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Ferrari 735 LM

From Wikipedia, the free encyclopedia

Ferrari 735 LM
1955 Ferrari 121 LM Spider (0546LM), front left on lift.jpg
Also called
  • Ferrari 121 LM
  • Ferrari 446 S
4 converted from 376 S
DesignerCarrozzeria Scaglietti
Body and chassis
Body styleSpyder
LayoutFront mid-engine, rear-wheel-drive
Engine4.4 L (4412.49 cc) Tipo 121 Lampredi I6
Power output330 PS
Transmission5-speed manual
Wheelbase2,400 mm (94.5 in)
Curb weight850 kg (1,874 lb) (dry)
PredecessorFerrari 376 S
SuccessorFerrari 625 LM

The Ferrari 735 LM (also known as the 121 LM) was a sports racing car produced by Ferrari in 1955.[1] It was the second raced Ferrari, powered by an Aurelio Lampredi-designed inline-6 engine, created as a larger displacement evolution to the engines used in the Ferrari Monza race cars.[2]


The Ferrari 735 LM was converted from the 376 S sports car, that contested the Mille Miglia race, for the 1955 season. The first example was converted before Mille Miglia, the rest after the race.[3] Most of the specifications remained the same apart for the engine, which received a much bigger displacement and power output.[4]

The 735 LM was developed to compete in the 1955 24 Hours of Le Mans race, that a year earlier, Ferrari had won with the 375 Plus.[4] With lesser aerodynamics and outdated braking technology than the competition, as Enzo Ferrari had firmly believed in engine power to win at racing, the 735 LM with its new 4.4-litre engine, was designed to outpower the competitors. In the practice trial for the 24 Hours race, the 735 LM was the fastest.[5]

Unlike its predecessor, the 735 LM name referred to the displacement of one cylinder, as was the naming convention. The models “LM” suffix invoked the intended race – 24 Hours of Le Mans. Inherited chassis numbers also had an “LM” suffix.[4]

The 4.4-litre iteration was also the final capacity step in the inline-six model lineage. After the Le Mans disaster, the new race regulations forced a 2.5-litre cap, so Ferrari returned to the 625-engined Monza models for the 1956 season. Ferrari would also never return to the inline-six configuration and focused instead on a new V6 Dino engine.[3]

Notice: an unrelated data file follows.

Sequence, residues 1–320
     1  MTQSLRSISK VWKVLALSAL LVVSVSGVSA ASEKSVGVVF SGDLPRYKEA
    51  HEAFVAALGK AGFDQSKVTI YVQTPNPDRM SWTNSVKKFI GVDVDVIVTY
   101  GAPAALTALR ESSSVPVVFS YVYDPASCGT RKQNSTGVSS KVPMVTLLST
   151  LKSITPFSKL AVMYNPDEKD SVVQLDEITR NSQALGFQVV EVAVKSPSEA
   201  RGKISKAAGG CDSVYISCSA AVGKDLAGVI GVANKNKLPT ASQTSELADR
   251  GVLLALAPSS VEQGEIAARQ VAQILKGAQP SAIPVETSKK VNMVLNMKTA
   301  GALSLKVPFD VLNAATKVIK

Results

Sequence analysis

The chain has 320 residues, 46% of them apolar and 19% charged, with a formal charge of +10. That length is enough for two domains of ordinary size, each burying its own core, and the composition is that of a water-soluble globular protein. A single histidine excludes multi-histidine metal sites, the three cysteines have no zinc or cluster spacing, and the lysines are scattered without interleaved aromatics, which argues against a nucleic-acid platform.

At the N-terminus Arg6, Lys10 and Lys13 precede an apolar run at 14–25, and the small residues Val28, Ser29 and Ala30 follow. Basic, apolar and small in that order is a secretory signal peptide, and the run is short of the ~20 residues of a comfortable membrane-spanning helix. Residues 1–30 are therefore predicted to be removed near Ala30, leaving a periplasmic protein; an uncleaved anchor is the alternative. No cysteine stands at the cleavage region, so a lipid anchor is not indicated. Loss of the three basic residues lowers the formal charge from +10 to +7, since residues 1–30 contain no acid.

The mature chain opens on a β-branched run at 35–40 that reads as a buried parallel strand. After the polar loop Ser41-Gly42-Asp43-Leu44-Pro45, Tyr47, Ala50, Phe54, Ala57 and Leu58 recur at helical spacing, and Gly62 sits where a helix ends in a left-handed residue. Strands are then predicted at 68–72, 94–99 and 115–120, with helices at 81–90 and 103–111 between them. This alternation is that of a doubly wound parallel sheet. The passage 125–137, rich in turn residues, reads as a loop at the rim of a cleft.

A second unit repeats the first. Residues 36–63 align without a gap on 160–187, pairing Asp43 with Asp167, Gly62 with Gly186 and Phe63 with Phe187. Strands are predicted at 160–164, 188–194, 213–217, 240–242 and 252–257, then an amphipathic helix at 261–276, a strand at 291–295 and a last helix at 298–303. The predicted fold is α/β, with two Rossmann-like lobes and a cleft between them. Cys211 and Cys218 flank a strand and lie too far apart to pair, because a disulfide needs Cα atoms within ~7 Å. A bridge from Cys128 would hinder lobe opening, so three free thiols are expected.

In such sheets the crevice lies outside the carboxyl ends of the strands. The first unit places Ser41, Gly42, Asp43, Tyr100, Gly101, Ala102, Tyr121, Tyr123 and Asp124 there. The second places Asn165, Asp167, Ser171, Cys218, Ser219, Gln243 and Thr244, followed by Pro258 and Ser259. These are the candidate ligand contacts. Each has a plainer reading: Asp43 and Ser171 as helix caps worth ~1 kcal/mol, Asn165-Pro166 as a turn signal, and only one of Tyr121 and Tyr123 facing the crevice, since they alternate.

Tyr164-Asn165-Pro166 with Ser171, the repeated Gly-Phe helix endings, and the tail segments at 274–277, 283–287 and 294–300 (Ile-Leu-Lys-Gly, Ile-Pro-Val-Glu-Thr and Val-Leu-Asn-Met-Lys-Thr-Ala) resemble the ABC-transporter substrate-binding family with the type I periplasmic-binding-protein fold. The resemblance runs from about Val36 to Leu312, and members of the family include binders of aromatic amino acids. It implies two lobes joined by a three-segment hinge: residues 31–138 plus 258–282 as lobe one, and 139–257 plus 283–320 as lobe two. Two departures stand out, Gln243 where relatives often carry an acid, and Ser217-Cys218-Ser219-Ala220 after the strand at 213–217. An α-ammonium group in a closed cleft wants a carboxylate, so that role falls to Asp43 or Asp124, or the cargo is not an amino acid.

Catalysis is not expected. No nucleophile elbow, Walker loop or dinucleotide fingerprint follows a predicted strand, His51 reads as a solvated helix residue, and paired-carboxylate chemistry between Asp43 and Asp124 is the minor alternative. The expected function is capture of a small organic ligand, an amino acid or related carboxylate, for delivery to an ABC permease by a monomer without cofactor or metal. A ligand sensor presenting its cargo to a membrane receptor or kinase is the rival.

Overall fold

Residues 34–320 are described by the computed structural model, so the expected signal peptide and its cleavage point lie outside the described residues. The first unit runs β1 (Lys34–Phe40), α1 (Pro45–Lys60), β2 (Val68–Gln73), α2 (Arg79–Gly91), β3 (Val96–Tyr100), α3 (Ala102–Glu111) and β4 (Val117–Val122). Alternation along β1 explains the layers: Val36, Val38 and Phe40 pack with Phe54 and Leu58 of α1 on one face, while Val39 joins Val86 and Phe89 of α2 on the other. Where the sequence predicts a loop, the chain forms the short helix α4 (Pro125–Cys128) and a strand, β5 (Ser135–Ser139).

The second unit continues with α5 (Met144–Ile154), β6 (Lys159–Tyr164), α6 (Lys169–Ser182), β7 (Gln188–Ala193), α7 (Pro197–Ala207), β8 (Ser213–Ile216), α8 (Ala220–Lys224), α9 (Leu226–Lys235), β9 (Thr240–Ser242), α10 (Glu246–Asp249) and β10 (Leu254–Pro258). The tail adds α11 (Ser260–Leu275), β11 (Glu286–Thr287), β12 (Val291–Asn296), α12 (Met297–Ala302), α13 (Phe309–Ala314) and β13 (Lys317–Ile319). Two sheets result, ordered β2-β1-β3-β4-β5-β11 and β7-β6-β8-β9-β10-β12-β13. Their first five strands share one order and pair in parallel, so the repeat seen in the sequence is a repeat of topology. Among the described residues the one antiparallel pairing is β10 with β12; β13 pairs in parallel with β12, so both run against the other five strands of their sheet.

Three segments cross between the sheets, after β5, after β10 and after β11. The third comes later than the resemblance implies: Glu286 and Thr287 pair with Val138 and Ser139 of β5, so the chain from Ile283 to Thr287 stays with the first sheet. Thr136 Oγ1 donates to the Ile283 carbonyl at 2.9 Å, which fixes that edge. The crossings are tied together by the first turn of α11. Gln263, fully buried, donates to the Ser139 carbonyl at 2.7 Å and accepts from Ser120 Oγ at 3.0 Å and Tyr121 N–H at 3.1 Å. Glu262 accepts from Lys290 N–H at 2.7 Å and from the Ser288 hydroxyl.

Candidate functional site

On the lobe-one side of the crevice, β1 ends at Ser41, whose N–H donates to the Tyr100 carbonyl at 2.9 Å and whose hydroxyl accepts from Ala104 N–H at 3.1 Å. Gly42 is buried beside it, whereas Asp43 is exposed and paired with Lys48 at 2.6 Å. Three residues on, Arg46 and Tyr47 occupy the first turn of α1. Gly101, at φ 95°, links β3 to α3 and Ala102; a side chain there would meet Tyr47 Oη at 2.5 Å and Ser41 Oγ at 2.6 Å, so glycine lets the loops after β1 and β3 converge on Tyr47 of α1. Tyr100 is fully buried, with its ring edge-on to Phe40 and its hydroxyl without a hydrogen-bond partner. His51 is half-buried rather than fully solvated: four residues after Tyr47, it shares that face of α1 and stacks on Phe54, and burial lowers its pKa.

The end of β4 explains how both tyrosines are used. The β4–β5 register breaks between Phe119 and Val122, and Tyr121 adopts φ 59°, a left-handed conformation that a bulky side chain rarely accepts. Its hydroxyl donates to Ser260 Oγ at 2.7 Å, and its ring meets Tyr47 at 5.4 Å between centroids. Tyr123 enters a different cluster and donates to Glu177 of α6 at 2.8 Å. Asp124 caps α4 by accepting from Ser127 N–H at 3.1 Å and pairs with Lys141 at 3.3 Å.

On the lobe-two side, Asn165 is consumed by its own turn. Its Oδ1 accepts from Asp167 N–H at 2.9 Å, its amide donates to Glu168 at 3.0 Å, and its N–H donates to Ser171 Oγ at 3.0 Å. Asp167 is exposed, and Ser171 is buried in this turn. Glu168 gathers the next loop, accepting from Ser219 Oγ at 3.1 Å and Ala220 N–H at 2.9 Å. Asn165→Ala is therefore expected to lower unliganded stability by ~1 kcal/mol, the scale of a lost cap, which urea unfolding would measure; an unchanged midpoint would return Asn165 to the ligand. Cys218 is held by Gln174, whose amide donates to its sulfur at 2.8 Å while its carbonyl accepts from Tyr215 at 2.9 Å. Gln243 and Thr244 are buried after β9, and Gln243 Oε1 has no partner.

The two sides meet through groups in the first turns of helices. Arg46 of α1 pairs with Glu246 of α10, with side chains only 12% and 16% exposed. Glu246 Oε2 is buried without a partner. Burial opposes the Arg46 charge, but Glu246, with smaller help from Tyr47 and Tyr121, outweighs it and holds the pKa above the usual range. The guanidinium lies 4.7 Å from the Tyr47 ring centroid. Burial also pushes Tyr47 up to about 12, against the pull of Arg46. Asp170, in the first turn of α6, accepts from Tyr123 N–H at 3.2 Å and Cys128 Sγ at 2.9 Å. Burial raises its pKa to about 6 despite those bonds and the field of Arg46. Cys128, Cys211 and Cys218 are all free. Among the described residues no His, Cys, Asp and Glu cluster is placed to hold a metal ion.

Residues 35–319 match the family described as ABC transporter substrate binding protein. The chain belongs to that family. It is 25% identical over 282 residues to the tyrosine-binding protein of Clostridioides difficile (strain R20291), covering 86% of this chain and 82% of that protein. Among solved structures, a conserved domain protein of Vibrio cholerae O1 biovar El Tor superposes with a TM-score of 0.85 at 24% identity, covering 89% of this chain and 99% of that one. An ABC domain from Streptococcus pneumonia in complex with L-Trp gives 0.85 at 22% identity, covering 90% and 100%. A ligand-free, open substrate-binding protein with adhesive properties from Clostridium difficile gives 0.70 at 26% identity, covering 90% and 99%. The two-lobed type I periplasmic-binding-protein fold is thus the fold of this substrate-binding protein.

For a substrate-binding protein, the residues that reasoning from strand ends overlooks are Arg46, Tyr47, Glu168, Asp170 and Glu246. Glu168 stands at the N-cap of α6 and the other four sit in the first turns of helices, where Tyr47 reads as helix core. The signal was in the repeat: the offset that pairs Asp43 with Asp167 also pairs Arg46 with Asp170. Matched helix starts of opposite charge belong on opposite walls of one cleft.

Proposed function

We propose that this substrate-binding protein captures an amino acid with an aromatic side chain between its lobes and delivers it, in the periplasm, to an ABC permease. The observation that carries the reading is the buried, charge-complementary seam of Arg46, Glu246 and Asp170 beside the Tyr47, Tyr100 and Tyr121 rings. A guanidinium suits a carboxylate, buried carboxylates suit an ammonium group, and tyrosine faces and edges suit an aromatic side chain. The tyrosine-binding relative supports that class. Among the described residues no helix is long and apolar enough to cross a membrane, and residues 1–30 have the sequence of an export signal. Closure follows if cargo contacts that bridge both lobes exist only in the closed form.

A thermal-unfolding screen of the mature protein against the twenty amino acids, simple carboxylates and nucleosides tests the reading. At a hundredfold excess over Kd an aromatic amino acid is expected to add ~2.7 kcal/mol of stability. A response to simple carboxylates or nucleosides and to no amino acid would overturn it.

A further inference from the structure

The enlarged engine was identified as the Tipo 121, hence the common "121 LM" name of the car.[6] The internal measurements of one cylinder were at 102 by 90 mm (4.0 by 3.5 in) of bore and stroke, and were the same as the Ferrari 735 S’ inline-four engine on which they were based. The total resulting capacity was 4,412.49 cc (4.4 L; 269.3 cu in). The power output was 330 PS (243 kW; 325 hp) at 5800 rpm, thanks to three Weber 50DCOA/3 carburettors. Ferrari decided to use smaller diameter carburettors on this model, compared to its predecessor. The engine used twin spark plugs per cylinder, served by two coils and had a twin overhead camshaft design to actuate two valves per cylinder. It also used a dry sump lubrication system. The compression ratio was at 8.5:1, slightly higher than before.[3][4]

The tubular steel chassis identified as the Tipo 509 was the same as on the 376 S predecessor. The whole car weighed only 850 kg (1,874 lb) when unladen. The fuel tank had 150-litres capacity.[7]

The front suspension was independent with unequal-length wishbones. Coil springs with hydraulic shock absorbers were also mounted at the front. Suspension at the rear consisted of a De Dion axle with twin arms and transverse leaf spring helped by hydraulic shock absorbers. The cars were still not upgraded to, available at that time, disc brakes and used drums instead.[6]


Ferrari 735 LM rear view
Ferrari 735 LM rear view

The first example of the 735 LM series raced in the 1955 Mille Miglia among smaller capacity 376 S and Monza siblings. Eugenio Castellotti entered the race as a privateer, but had to retire due to an engine problems.[8]